Variant CJD May Be More Infectious: Expert

September 18, 2001 Reuters by Richard Woodman
NEW YORK (Reuters Health) - Britain's Department of Health is greatly concerned that variant CJD may be more infectious than the agent responsible for sporadic CJD, a leading expert said on Tuesday.

Sporadic CJD, or Creutzfeldt-Jakob disease, is a very rare degenerative brain disorder mainly found in older people. Variant CJD (vCJD) is a form of the disease that is believed to be caused by eating meat from cows with bovine spongiform encephalopathy, or ``mad cow'' disease. All of these diseases are caused by malformed protein particles called prions.

Professor Robert Will, director of the National CJD Surveillance Unit, said tests to find out if the tonsils, spleen, lymph nodes and appendix of vCJD victims were infected with prions had all proved positive, whereas tests on patients with sporadic disease were all negative.

He told a conference at the Royal Society of Medicine in London this implied that the new infectious agent was present at greater levels in peripheral parts of the body. This suggests, he added, that vCJD is more infectious and more likely to be spread through blood or contaminated surgical instruments.

``What does this mean in terms of secondary transmission? Well, it is causing a great deal of concern and a lot activity in the Department of Health,'' Will said.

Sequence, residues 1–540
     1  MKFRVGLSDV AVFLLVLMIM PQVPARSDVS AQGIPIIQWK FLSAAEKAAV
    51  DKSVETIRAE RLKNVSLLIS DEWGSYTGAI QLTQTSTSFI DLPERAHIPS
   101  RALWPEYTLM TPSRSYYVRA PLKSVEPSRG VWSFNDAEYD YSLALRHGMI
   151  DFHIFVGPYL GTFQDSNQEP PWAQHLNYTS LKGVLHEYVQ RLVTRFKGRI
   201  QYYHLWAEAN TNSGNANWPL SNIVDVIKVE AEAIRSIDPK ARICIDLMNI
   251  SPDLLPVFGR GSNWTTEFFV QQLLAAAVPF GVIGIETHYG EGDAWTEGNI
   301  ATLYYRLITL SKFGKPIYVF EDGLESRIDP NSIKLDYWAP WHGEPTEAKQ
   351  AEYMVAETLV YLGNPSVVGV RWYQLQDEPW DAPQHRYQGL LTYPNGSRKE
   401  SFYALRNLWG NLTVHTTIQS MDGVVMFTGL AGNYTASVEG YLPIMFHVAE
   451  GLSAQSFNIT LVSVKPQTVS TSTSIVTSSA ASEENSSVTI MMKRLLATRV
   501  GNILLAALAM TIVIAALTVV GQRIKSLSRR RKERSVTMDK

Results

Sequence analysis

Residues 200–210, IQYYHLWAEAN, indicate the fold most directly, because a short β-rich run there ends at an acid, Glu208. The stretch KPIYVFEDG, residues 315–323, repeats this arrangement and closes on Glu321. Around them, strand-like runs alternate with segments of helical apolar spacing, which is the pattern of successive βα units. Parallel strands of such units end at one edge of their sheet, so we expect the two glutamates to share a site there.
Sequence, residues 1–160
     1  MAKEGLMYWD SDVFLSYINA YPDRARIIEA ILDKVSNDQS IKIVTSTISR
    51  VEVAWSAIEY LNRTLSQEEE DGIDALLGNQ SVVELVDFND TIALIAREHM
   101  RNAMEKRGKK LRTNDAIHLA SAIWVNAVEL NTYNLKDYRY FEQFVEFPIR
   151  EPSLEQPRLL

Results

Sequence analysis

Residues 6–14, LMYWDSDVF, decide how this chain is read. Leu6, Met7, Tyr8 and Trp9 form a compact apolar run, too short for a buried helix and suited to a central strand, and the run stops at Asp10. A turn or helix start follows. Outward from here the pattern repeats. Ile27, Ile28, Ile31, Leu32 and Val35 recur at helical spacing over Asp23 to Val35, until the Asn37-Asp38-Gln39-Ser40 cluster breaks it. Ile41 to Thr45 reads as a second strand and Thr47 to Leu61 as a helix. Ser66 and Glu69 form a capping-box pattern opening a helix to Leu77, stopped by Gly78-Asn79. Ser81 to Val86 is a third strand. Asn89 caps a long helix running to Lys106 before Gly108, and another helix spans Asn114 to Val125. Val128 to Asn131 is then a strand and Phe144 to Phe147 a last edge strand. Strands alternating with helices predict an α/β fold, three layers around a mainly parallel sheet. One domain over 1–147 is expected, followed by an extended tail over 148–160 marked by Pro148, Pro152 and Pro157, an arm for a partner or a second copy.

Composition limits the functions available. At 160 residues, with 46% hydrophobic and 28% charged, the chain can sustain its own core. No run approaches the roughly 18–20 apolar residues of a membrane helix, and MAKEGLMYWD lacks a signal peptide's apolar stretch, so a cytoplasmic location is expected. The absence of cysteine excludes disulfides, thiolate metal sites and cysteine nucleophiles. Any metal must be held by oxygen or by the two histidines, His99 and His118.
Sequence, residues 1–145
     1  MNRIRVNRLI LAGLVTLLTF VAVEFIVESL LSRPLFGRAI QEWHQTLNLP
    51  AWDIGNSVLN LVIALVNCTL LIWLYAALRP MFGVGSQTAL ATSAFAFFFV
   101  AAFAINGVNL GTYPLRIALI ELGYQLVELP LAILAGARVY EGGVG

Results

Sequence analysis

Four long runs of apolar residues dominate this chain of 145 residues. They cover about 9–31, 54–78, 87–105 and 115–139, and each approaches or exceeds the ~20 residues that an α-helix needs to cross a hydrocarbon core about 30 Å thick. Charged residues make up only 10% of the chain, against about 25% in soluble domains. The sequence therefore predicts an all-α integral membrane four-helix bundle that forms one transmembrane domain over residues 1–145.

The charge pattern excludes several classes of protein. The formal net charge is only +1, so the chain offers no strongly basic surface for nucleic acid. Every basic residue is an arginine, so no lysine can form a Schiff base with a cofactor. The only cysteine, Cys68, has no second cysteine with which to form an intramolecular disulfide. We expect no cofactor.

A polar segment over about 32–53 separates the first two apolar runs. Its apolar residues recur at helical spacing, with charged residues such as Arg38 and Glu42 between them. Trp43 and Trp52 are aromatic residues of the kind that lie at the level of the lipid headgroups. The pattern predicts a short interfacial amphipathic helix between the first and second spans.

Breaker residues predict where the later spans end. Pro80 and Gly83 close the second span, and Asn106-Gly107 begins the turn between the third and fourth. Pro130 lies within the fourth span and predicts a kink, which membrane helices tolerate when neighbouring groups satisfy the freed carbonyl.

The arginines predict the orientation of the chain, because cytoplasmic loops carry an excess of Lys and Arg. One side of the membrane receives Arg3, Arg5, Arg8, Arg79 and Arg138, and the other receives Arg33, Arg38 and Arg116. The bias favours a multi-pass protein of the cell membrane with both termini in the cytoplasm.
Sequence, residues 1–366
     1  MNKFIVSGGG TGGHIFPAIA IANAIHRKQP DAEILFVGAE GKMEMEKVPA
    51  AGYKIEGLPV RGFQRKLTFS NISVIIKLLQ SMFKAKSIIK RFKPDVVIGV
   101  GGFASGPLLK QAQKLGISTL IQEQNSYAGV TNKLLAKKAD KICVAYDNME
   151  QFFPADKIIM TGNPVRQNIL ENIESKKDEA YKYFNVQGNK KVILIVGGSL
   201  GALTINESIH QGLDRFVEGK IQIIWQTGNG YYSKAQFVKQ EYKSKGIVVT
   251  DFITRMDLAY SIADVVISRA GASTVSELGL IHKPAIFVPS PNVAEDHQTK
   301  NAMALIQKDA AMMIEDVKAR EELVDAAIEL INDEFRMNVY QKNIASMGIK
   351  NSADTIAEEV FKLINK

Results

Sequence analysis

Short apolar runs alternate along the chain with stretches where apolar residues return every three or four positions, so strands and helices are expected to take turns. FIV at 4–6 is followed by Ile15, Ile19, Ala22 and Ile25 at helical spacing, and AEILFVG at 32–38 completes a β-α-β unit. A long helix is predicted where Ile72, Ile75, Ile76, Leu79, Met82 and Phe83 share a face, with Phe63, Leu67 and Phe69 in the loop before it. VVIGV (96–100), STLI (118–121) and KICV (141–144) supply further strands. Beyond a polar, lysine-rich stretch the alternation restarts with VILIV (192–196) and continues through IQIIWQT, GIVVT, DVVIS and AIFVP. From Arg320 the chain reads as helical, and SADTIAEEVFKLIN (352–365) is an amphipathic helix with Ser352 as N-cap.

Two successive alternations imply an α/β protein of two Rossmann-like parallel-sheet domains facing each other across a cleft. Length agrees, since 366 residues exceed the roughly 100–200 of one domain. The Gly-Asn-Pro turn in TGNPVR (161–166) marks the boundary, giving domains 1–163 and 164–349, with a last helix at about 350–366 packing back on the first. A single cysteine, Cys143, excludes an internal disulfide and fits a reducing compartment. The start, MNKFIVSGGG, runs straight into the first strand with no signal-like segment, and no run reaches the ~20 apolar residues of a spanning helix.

He presented a slide showing a list of common surgical procedures carried out in 41 cases of vCJD before the onset of clinical signs. In none of these procedures had any precautions been taken apart from normal sterilisation procedures.

He pointed out that prion proteins are remarkably resistant to sterilisation. The Department of Health had a surgical instrument panel of experts considering these issues.

In the case of blood donations, Will said, ``We have found 22 individuals who have received blood that was donated by someone who developed vCJD. None of these individuals have yet developed vCJD.''

The Health Department announced in January it would spend 200 million ($300 million US) modernising National Health Service sterilisation equipment and buying disposable surgical tools.

Will, who is based at the Western General Infirmary in Scotland, also questioned the findings of an official investigation last year into the causes of a cluster of vCJD cases in Leicestershire, central England.

The inquiry report linked the cases to cross contamination caused when a butcher removed the cows' heads with the same instruments used to cut meat from the carcass.

``The problem with that argument is that the butcher in question retired in December 1982,'' Will said. ``At that stage the incidence of BSE (news - web sites) would have been incredibly low. If you have a cluster of four or five cases related to that particular practice it is a matter of grave concern for the future.''

Will said that the mean age of onset of vCJD in some 106 cases so far identified in the UK was 27 years and the mean age of death 29 years. The number of cases was doubling every 3 years.

He said diagnosis is difficult as most patients usually presented with depression, anxiety or withdrawal symptoms, which cannot be distinguished from common psychiatric disorders.

As a result, cases had been misdiagnosed, greatly upsetting the families of victims. However, one helpful clue was that half the patients complained of painful tingling, often in their fingers or feet, in addition to psychiatric symptoms, before they developed neurological symptoms.

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